The signs of a toxic friendship
Friendships are very important to our day-to-day lives. They have huge impacts on both our mental and physical health. A good, healthy friendship can ease your feelings of stress, loneliness, and even depression, and provide you comfort and happiness. Now, think about your current circle of friends. Do any of them come to mind when you think of these things? If so, there’s a good chance you have good, healthy friendships in your life. However, there is also a good chance that you may have a toxic friend in your life.
Instead of making you feel happy and safe, toxic friendships can be upsetting and cause you to feel drained out from spending time with them. Even if they claim that they don’t mean to, these people often can make you feel insecure and feel as though you should change the way you act around them. What’s hard about toxic friendships (aside from the literal fact that they make you feel bad about yourself) is that they can often be hard to spot and hard to leave. However, parting ways with these people, no matter how difficult it may be, can truly make the difference in your life. Here are the signs that you need to cut someone off from your life:
They often cross boundaries
Proper communication and respect are vital to a healthy friendship. Feeling as though you are being pressured into doing things you don’t want to do, or that this person is often recklessly invading your privacy is a massive red flag. While some may take it as a sign of a close friendship when these boundaries are broken, you’re certainly not close if this person makes you feel uncomfortable or small.
You feel the need to change around them
While it’s common for people to have strong opinions, some people can be so judgemental and cynical that you feel as though you have to act differently around them. In a healthy friendship, you wouldn’t have to fear being judged or made fun. If you’re constantly walking around eggshells with them, that’s a sign that this isn’t a great friendship.
They don’t take accountability or apologize
If you feel as though you’re the only person who apologizes, take this time to reflect. What have you been apologizing for? Was it because you genuinely did something wrong? Or because they refused to take the blame themselves, especially when what happened was their fault? These people often have hard times seeing their wrongdoings and tend to deny it when they’re brought up. If they place the blame on you and accuse you of overreacting, there’s a good chance that they’re toxic.
They are only your friend for their benefit
Now don’t get me wrong, friends should help each other out. However, if someone you know only reaches out to you when they need help, or agrees to help you only when it benefits them as well, it’s a sign that they aren’t truly your friend. Along with helping each other, healthy friends should support one another and offer help, even if it doesn’t benefit them directly.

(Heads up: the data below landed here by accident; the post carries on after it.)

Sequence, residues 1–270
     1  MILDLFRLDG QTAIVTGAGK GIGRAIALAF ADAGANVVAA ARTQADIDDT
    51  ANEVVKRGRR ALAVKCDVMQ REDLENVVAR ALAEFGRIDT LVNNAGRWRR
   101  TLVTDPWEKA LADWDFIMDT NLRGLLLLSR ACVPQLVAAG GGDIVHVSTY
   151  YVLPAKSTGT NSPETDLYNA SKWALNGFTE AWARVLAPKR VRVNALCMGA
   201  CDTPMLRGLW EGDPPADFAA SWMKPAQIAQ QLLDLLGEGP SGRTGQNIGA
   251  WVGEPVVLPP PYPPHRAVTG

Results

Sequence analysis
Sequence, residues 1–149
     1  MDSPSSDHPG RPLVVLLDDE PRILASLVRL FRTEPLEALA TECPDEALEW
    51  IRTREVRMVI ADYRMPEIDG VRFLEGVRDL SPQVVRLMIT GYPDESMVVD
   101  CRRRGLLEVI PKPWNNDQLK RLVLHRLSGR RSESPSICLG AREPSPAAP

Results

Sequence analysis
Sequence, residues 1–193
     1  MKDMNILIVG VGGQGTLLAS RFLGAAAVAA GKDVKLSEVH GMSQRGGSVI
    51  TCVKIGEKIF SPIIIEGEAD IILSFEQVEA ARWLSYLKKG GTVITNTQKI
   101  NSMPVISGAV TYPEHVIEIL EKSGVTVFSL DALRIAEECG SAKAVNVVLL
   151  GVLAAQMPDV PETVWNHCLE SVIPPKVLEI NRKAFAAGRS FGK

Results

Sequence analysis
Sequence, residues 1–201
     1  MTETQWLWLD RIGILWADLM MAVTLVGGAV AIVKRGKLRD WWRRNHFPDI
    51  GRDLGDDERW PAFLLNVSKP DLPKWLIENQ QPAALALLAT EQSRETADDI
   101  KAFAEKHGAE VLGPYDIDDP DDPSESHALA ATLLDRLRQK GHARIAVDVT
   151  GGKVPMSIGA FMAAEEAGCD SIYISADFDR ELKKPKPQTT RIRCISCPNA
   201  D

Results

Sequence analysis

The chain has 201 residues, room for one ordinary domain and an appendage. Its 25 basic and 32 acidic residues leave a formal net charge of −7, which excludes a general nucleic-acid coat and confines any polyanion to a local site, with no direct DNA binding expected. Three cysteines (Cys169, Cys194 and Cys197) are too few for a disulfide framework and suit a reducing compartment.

They often gossip with you, even about other friends of yours
While many of us, myself included, are guilty of a little gossip here and there. However, do. consider that if this person often spreads rumours about people, even those within your immediate circle of friends, chances are they treat you the same way.
I’ve had my fair share of experiences with unhealthy friendships. Luckily, I’ve burned most of those bridges by now, but in hindsight I don’t know how I didn’t notice the warning signs sooner.
I specifically remember having met a girl who people had warned me about in the first place, that apparently she was toxic. Since the word ‘toxic’ could mean many things, I hadn’t thought much of it. That is, until I noticed that she would only talk with me if she needed my help or advice. I would offer it to her at first, but I began to notice that she never truly did anything in return. She’d ignore my texts and never apologize, she would dismiss me when I tried to talk to her in person, but all of a sudden we’d be best friends once she found a use for me.
I began to ice her completely, finally deciding that I didn’t deserve to be treated that way. While I briefly went over the story, I will admit that that realization was very upsetting to me. On the surface she seemed like someone who would never make friends for their own benefit. That’s the thing, though. Anyone can be a bad friend. If you ever do plan on speaking to someone you know about this, do know that a real friendship would be able to withstand it, and hopefully that person will understand how they’ve been treating you. If this person denies what they’ve done or refuses to change, then here’s the hard truth: You’re much better off without a person who drags you down like that.